Blue Jays sign Randy Wolf to minor league deal


With some questions about rotation depth, the Toronto Blue Jays are working to add some veteran arms in order to provide some protection through the arduous season. They continued that search on Monday, inking 38-year-old left-hander Randy Wolf to a minor league contract, according to Jeff Fletcher of the Orange County Register.

Like Johan Santana before him, Randy Wolf likely won’t be ready to join the team at the onset of the season, but should be able to ramp up quickly and be available in mid-April if the need arises. Of course, he’ll need to earn a spot as well.

A 15-year veteran, Wolf pitched in 6 games for the Miami Marlins in 2015 (4 starts), posting a 1-3 record with a 5.26 ERA, a 4.38 FIP, and a 6.7 K/9 ratio over 25.2 innings of work. Before getting the call-up to Miami, Wolf bounced around the Orioles, Angels, and Diamondbacks’ Triple-A affiliates, where he put up a 4.57 ERA and an 8.1 K/9 ratio.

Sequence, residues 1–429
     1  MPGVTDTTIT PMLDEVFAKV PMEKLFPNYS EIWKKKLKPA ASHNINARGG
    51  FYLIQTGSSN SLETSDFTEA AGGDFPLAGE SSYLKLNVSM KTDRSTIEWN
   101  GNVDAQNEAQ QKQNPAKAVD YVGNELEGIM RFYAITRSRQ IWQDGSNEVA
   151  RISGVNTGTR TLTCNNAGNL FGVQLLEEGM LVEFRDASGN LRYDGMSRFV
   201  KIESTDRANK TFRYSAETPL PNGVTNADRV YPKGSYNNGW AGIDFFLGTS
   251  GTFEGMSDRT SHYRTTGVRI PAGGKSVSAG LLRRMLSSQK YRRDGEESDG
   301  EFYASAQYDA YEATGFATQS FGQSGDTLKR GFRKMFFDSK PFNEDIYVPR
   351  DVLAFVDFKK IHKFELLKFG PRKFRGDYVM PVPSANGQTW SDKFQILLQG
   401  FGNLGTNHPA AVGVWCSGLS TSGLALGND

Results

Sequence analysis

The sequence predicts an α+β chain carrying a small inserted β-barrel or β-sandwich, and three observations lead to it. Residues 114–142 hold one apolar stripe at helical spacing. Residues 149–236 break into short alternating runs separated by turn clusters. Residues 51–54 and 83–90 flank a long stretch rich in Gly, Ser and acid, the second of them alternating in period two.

The signing is an interesting one for the Blue Jays, as it is hard imagining Randy Wolf playing for the Blue Jays in 2015. Given that Wolf is four years removed from posting an ERA under 4.00 (2011 in Milwaukee), and has only achieved the feat twice since 2003, he doesn’t seem to offer much more than the existing arms the Blue Jays currently have in the fold as a potential starter.

However, he does have an opportunity to land as a potential bullpen arm. In that regard, Wolf has shown an ability to get left-handed bats out, with southpaws reaching him for a measly .233/.406/.400 battling line throughout his career. Conversely, right-handers have rocked Wolf for a 265/.333/.434 mark, including 61 home runs verses 27 against lefties.

As with most minor league deals for veteran arms, this one will include an opt-out clause. According to Jon Heyman of CBS Sport, Wolf’s deal allows him to void his deal if he is still in the minor leagues by June 1st, but it is also doubtful that Wolf will be able to find a better arrangement elsewhere, let along a Major League opportunity. For now, he’ll join Johan Santana on the comeback trail just hoping for an opening to present itself in Toronto.

Gideon Turk of Blue Jays Plus was the first to report that the Blue Jays were working Randy Wolf out.

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